What Is Fiscal Year-End?
The term “fiscal year-end” refers to the completion of any one-year or 12-month accounting period other than a typical calendar year. A fiscal year is often the period used for calculating annual financial statements. A company’s fiscal year may differ from the calendar year, and may not close on Dec. 31 due to the nature of a company’s needs.
Once companies choose their fiscal year-end—typically when they are first incorporating or forming their company—it is required to stick with it year to year. This allows accounting data to be consistent in terms of time frames.
- Fiscal year-end refers to the completion of a one-year, or 12-month, accounting period.
- If a company has a fiscal year-end that is the same as the calendar year-end, it means that the fiscal year ends on Dec. 31.
- Companies can choose the best fiscal year-end for themselves, designed with the needs of the company in mind.
Understanding Fiscal Year-End
Every year, public companies are required to publish financial statements for review by the Securities and Exchange Commission (SEC). These documents also give investors an update on company performance compared to previous years and provide analysts with a way to understand business operations. Financial statements are published after each company’s fiscal year-end, which may vary from company to company.
Fiscal Year-End vs. Calendar Year-End
If a company has a fiscal year-end that is the same as the calendar year-end, it means that the fiscal year ends on Dec. 31. However, companies can choose the best fiscal year-end for themselves, designed with the needs of the company in mind.
Companies that operate on a non-calendar business cycle or have a supplier base that does so may choose a fiscal year-end date that more appropriately coincides with their business operations.
For example, many retail companies have a fiscal year that differs from the calendar year due to the heavy sales cycle during the holiday season. Because Dec. 31 coincides with heavy shopping by consumers, a retail firm may have a hard time producing annual financial statements and counting inventories at that same time as manpower and resources are dedicated to the sales floor.
In this case, the firm may choose an alternate fiscal year-end date, such as Jan. 31 rather than Dec. 31. As another example, the best time for a luxury resort to report earnings is probably after vacation season, so it may choose a fiscal year-end of Sept. 30.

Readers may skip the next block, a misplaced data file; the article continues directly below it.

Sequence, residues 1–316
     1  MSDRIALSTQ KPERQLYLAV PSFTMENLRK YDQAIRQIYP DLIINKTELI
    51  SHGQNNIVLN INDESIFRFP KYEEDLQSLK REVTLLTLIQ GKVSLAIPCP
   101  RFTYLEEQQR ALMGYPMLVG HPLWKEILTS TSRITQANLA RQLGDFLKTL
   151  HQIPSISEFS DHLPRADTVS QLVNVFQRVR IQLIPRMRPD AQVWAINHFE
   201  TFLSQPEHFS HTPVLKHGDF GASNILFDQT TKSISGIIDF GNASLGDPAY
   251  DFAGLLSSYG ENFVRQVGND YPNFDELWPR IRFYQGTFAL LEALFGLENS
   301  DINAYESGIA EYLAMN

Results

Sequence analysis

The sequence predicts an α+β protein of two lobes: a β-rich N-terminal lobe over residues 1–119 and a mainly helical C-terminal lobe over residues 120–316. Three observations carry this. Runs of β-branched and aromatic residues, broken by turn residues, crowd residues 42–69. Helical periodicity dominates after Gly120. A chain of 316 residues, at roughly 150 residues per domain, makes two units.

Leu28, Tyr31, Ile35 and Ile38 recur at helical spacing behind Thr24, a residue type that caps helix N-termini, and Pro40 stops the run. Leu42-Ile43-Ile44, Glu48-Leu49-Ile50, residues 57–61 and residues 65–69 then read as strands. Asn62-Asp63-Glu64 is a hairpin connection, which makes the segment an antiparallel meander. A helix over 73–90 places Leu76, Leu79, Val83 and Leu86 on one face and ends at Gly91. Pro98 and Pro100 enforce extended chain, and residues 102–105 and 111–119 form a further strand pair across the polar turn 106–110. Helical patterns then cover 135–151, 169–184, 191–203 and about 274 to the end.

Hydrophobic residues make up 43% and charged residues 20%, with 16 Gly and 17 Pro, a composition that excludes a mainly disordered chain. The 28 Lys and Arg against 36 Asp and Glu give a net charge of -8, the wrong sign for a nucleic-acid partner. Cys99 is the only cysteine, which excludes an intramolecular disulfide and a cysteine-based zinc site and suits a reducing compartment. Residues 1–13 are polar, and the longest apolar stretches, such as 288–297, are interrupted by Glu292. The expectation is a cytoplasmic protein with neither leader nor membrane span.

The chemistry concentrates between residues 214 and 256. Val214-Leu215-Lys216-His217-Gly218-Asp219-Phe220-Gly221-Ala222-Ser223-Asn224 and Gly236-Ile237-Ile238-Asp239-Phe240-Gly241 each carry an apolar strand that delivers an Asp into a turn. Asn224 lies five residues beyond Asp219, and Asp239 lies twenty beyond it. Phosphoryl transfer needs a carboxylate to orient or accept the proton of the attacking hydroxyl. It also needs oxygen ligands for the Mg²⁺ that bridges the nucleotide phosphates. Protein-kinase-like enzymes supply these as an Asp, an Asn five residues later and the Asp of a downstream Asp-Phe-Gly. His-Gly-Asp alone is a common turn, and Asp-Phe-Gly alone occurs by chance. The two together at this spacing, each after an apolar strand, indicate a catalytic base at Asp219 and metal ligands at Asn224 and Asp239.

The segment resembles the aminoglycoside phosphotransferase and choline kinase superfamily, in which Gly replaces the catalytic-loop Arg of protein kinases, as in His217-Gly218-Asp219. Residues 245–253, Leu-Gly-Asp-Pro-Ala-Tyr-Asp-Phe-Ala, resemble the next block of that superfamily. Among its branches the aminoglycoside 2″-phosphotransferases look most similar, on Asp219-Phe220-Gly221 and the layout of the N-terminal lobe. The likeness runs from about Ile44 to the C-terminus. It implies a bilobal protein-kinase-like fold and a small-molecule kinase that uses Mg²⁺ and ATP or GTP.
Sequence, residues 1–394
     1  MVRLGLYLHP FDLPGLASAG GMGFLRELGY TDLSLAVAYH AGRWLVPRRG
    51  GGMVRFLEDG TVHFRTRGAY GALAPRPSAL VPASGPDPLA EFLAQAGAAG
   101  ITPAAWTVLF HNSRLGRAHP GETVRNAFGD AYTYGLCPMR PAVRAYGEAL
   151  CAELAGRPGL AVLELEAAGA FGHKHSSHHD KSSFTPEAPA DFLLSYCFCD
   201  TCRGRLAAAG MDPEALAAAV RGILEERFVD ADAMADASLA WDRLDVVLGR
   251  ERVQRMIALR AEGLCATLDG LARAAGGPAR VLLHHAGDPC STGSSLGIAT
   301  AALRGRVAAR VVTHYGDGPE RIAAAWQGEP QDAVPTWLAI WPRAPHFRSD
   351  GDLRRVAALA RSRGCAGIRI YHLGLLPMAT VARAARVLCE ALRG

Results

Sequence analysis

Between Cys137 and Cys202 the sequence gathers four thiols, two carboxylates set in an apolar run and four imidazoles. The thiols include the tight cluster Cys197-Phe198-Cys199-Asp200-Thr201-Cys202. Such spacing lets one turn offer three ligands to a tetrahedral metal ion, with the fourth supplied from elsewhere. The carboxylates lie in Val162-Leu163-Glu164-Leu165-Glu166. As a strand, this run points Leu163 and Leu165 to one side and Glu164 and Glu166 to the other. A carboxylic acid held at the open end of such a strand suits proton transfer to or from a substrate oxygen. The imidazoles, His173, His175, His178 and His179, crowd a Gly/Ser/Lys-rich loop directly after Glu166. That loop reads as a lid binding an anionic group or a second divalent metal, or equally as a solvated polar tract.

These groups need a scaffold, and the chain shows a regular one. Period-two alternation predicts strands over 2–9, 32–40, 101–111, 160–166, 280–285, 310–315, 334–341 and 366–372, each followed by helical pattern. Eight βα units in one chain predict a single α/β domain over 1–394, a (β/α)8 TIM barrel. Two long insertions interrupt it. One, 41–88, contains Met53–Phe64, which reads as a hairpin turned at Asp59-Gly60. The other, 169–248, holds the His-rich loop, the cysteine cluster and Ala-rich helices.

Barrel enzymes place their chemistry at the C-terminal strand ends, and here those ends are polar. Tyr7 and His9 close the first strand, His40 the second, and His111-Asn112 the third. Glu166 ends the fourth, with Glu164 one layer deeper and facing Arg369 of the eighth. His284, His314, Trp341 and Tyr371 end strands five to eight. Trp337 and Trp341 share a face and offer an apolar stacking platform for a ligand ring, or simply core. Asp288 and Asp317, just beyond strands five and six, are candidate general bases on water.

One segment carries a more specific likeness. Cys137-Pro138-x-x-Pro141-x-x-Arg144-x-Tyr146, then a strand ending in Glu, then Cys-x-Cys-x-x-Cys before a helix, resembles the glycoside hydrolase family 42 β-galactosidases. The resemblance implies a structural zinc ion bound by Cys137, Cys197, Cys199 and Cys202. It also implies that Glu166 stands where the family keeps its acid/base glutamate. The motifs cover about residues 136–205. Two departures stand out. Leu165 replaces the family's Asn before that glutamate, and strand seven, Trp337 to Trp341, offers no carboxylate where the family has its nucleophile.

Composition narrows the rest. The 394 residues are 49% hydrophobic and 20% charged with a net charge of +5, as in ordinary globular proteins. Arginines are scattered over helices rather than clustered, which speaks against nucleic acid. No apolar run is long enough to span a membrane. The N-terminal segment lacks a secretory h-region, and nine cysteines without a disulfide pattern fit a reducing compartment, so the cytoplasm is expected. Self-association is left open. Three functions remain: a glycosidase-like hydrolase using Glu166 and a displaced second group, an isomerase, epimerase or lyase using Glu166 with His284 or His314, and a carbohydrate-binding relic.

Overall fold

Whatever fiscal year-end date is determined, companies must make a decision when they file for incorporation, as their fiscal year-end date cannot be changed every year. It is also important to note that the timing of a company’s fiscal year does not change the due date on taxes.
For example, taxes, which are based on a calendar year-end, are still often due on April 15, regardless of a company’s fiscal year-end. Thus, in many cases, a Dec. 31 fiscal year-end date is more conducive for calculating taxes due.
What Is the U.S. Fiscal Year-End?
The fiscal year of the U.S. government runs from Oct. 1 to Sept. 30. It is not the same as a calendar year.
What Happens at the End of a Fiscal Year?
At the end of a fiscal year, a company reviews its entire annual bookkeeping. It reconciles transactions, makes adjustments, verifies financial data, and calculates all of the annual financial information, such as income, expenses, revenue, investments, and more.
How Do Companies Choose Their Fiscal Year End?
Most companies choose their fiscal year-end based on the seasonality of their business. Some businesses are seasonal while others transact the same amount of business throughout the year. Businesses generally choose their fiscal year based on the period when they receive the most profit. For example, a business that earns most of its profit after the Christmas holiday season may choose to end its fiscal year right after.
The Bottom Line
The fiscal year-end of a company is the completion of a one-year accounting cycle of the business. It contains four quarters and usually runs from Jan. 1 to Dec. 31. Some businesses have fiscal years that do not line up with a traditional calendar year.
As analysts rely on comparative data to identify trends and create forecasts, they must be careful to compare two companies over the same time period.
If comparing two companies with different fiscal years, analysts must adjust the data to ensure the information for both firms covers the same time frame so as not to skew the comparison one way or another. This is especially the case for companies that do business in seasonal industries.